|Sir Henry Keppel|
|Born||14 June 1809|
|Died||17 January 1904|
|Rank||Admiral of the Fleet|
|Commands held||HMS Maeander
HMS St Jean d'Acre
Cape of Good Hope Station
Second Opium War
|Awards||Knight Grand Cross of the Order of the Bath
Member of the Order of Merit
He entered the navy from the old naval academy of Portsmouth in 1822. He became lieutenant in 1829 and commander in 1833. His first command was largely passed on the coast of Spain, which was then in the midst of the convulsions of the Carlist War. Captain Keppel had already made himself known as a good seaman. He was engaged with the squadron stationed on the west coast of Africa to suppress the slave trade.
In May 1853 he was appointed to the command of the new steam line-of-battle ship HMS St Jean d'Acre. When the Crimean War broke out on 1854, the St Jean d'Acre formed part of the Baltic Fleet. Keppel witnessed the fall of Bomarsund. In 1855, St Jean d'Acre was sent to the Black Sea. On 21 July 1855, Keppel swapped commands with the captain of the sailing line-of-battle ship Rodney, whose crew was all ashore. Keppel served as commander of the Naval Brigade which was besieging Sebastopol.
After the Crimean War he was again sent out to China, this time in command of the Raleigh, as commodore to serve under Sir Michael Seymour. The Raleigh was lost on an uncharted rock near Hong Kong, but three small vessels were named to act as her tenders, and Commodore Keppel commanded in them, and with the crew of the Raleigh, in the action with Chinese pirates at the Battle of Fatshan Creek (1 June 1857). He was honorably acquitted for the loss of the Raleigh, and was given command of HMS Alligator, which be held until his promotion to rear-admiral. For his share in the action at the Battle of Fatshan Creek he was made KCB.
The prevalence of peace gave Sir Henry Keppel no further chance of active service, but he became Commander-in-Chief, Cape of Good Hope and West Coast of Africa Station in 1860, Commander-in-Chief, China Station in 1867 and Commander-in-Chief, Plymouth in 1872.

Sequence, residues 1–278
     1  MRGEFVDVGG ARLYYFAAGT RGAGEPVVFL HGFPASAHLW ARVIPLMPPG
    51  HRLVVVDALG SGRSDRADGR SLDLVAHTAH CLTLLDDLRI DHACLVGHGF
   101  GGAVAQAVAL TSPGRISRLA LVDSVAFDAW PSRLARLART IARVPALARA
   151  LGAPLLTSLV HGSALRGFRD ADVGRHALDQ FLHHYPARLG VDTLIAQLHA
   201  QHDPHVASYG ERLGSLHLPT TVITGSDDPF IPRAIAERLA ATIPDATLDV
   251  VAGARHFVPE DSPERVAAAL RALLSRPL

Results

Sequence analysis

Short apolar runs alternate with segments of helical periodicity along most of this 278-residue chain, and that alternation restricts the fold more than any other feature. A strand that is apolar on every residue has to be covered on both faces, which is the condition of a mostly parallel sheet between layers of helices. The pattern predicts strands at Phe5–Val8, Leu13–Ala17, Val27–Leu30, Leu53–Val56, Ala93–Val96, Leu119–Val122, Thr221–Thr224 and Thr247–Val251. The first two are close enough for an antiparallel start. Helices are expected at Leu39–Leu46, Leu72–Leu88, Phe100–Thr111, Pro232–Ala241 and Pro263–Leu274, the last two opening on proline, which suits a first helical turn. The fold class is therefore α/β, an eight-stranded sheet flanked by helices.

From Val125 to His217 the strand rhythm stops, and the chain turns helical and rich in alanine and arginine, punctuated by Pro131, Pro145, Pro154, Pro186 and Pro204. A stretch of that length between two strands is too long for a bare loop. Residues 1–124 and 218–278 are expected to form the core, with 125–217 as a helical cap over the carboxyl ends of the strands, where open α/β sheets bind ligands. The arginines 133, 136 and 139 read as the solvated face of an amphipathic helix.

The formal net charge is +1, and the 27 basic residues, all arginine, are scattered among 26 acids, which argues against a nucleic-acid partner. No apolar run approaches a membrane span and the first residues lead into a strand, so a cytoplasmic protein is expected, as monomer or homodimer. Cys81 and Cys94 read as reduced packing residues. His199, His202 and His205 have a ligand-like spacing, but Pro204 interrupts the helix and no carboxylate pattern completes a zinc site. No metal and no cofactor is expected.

Keppel married twice: firstly Katherine Louisa Crosbie, daughter of General Sir John Crosbie on 25 February 1839 and secondly Jane Elizabeth West, daughter of Martin John West on 31 October 1861. By his second wife, he had one son, Colin Richard Keppel, and one daughter, Maria Walpole Keppel, who married Admiral Sir Frederick Tower Hamilton. Keppel Harbour in Singapore is named after him. He lived at Grove Lodge at Winkfield Row in Berkshire and is buried in the parish church at Winkfield.
Keppel's relationship with Lady Eliza Lucy Grey was discovered by her husband Sir George Grey in 1860, and this, together with accusations of infidelity against Sir George Grey, led to the breakdown of their marriage.
- The Expedition to Borneo of HMS. Dido for the Suppression of Piracy (1846)
- A Visit to the Indian Archipelago in HMS Meander (1853)
- A Sailors Life under four Sovereigns (autobiography) (1899)
- William Loney RN
- The story of his two commands was told by himself in two publications, The Expedition to Borneo of HMS. Dido for the Suppression of Piracy (with extracts from the journal of James Brooke) (1846), and in A Visit to the Indian Archipelago in HMS Meander (1853). The substance of these books was afterwards incorporated into his autobiography, which was published in 1899 under the title A Sailors Life under four Sovereigns.
- HMS St Jean d'Acre online history
- A Sailors Life under four Sovereigns
- The Correspondence of Charles Darwin
|Wikimedia Commons has media related to Henry Keppel.|
- This article incorporates text from a publication now in the public domain: Chisholm, Hugh, ed. (1911). Encyclopædia Britannica (11th ed.). Cambridge University Press
- "thePeerage". Retrieved 26 December 2006.
Sir Frederick Grey
|Commander-in-Chief, Cape of Good Hope Station
Sir Baldwin Walker
Sir George King
|Commander-in-Chief, China Station
Sir Henry Kellett
Sir Henry Codrington
Sir Thomas Symonds
Sir James Hope
|First and Principal Naval Aide-de-Camp
Sir Astley Key